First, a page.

5. Mucking Stalls:

Mucking stalls involves cleaning up soiled bedding and spreading fresh wood shavings or straw. This is typically done on a daily basis to protect the horses’ health and maintain proper hygiene.

6. Hay Loft:

The hay loft is the storage area for hay, typically located above the horse stalls. It should be designed to prevent hay from being exposed to moisture and pests.

7. Round Pen:

The round pen is a 30-meter diameter circular pen used for training, groundwork, longeing, and riding exercises. As it is a confined area, it is ideal for isolation and concentration.

8. Lounge:

The lounge is an area designed for rider amenities, such as a comfortable seating area, kitchen, and space to store personal belongings. It is essential for comfortable and appropriate rider care in the facility.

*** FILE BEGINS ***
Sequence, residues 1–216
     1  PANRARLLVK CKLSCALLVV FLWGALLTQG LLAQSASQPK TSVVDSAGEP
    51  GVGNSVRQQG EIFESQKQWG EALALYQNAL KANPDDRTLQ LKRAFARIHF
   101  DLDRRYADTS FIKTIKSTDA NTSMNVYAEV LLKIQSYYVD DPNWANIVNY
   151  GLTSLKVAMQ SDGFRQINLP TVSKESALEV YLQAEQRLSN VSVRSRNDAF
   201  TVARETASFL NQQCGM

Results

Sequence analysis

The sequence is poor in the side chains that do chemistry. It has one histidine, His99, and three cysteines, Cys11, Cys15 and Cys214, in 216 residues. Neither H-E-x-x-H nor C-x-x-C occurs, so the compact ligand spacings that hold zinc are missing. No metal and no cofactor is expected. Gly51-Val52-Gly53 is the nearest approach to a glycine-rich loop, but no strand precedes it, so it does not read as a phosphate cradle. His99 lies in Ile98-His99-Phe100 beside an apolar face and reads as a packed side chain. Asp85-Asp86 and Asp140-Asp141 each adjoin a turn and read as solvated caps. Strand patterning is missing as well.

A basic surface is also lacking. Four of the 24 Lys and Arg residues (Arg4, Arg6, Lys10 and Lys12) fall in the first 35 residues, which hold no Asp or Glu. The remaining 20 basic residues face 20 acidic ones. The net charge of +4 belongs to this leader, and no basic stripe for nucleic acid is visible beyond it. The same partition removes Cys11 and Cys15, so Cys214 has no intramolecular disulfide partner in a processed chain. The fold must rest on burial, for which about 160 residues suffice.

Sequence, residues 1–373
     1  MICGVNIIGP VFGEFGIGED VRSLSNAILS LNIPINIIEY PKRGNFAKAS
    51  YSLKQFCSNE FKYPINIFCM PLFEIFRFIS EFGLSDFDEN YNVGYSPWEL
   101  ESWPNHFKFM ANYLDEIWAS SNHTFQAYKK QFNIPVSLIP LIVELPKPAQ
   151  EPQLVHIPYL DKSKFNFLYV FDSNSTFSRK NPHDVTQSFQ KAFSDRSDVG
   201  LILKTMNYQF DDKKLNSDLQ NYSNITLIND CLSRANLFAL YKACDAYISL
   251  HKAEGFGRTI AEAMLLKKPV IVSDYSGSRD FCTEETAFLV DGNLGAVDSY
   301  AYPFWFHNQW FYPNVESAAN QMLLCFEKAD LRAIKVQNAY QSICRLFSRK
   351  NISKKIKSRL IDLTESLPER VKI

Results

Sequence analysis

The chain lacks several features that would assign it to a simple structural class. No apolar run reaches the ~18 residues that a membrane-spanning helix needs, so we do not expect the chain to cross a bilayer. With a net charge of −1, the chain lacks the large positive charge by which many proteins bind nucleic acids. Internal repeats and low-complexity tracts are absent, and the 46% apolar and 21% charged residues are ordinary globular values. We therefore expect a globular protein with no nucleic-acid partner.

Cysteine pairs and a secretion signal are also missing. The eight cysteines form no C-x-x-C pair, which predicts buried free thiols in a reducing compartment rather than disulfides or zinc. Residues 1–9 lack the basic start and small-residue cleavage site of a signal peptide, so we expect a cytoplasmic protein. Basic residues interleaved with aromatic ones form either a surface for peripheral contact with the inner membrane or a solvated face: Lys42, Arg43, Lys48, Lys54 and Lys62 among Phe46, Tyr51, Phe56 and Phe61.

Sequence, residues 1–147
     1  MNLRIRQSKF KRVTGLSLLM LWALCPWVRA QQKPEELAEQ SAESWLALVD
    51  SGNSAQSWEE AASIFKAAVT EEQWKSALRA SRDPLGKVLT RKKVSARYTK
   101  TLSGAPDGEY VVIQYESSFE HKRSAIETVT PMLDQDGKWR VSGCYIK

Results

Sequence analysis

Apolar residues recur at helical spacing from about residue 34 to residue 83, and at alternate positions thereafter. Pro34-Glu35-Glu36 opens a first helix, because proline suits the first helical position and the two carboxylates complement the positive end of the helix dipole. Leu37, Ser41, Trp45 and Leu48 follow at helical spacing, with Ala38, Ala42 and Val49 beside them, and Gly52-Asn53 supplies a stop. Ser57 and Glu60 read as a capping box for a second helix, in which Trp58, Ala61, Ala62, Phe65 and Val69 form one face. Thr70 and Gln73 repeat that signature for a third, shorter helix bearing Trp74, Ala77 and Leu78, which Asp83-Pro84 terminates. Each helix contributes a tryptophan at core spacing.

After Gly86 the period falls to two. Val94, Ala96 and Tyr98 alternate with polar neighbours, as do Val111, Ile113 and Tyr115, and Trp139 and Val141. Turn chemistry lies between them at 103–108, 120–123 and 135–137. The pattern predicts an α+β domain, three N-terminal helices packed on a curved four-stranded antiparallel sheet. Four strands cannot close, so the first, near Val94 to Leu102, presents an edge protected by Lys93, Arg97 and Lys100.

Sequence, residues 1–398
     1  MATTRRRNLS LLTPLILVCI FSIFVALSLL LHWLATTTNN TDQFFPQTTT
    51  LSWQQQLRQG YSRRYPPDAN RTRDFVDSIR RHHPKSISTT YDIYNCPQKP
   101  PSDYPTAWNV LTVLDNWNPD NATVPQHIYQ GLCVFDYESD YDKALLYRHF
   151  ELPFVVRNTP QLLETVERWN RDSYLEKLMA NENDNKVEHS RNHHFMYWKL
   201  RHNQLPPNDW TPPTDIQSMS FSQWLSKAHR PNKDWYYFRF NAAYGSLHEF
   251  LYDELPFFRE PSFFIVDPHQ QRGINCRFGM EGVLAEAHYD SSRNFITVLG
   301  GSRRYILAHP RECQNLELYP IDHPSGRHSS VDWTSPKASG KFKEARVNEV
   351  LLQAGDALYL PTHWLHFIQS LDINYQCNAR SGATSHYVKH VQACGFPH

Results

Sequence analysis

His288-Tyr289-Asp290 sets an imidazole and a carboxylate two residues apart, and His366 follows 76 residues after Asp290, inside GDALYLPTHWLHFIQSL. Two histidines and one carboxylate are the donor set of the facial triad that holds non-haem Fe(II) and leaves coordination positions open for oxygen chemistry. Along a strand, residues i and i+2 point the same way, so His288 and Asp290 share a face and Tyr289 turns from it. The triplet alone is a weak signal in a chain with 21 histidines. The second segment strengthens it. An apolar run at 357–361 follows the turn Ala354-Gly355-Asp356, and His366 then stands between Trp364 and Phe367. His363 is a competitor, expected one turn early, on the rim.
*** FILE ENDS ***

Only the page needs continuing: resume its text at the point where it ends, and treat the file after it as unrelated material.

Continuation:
9. Shavings:

Shavings are materials such as wood shavings or straw used as bedding for stabled horses. They are absorbent, provide insulation, and reduce odors from ammonia.

10. Breezeway:

The breezeway is a passage that runs between stalls and is designed to provide a passage with open ends for airflow. It is crucial to maintaining proper ventilation, especially in hotter climates.

Boarding Terms and Fees:

Boarding your horse at a professional facility can offer many benefits, but it is essential to understand the different boarding terms and fees.

1. Stall Board:

Stall board provides housing for horses, typically with limited turnout in a small paddock. This is ideal for horses that require extra protection, such as those with sensitive skin or that need to be kept on a specific diet.

2. Run-in Shed: